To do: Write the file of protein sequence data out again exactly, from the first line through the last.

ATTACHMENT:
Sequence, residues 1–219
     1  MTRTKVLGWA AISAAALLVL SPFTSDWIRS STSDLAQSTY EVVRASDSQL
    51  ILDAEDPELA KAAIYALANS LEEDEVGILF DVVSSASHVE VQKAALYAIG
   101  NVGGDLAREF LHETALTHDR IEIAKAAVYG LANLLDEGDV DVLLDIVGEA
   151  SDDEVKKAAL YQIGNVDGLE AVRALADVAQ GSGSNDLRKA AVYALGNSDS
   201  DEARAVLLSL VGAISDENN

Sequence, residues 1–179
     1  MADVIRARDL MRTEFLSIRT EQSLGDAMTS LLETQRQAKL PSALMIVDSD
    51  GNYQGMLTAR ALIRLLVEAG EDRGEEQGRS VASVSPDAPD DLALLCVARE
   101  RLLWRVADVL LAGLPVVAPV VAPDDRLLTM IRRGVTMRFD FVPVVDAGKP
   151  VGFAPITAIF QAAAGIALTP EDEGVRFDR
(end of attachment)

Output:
Sequence, residues 1–219
     1  MTRTKVLGWA AISAAALLVL SPFTSDWIRS STSDLAQSTY EVVRASDSQL
    51  ILDAEDPELA KAAIYALANS LEEDEVGILF DVVSSASHVE VQKAALYAIG
   101  NVGGDLAREF LHETALTHDR IEIAKAAVYG LANLLDEGDV DVLLDIVGEA
   151  SDDEVKKAAL YQIGNVDGLE AVRALADVAQ GSGSNDLRKA AVYALGNSDS
   201  DEARAVLLSL VGAISDENN

Sequence, residues 1–179
     1  MADVIRARDL MRTEFLSIRT EQSLGDAMTS LLETQRQAKL PSALMIVDSD
    51  GNYQGMLTAR ALIRLLVEAG EDRGEEQGRS VASVSPDAPD DLALLCVARE
   101  RLLWRVADVL LAGLPVVAPV VAPDDRLLTM IRRGVTMRFD FVPVVDAGKP
   151  VGFAPITAIF QAAAGIALTP EDEGVRFDR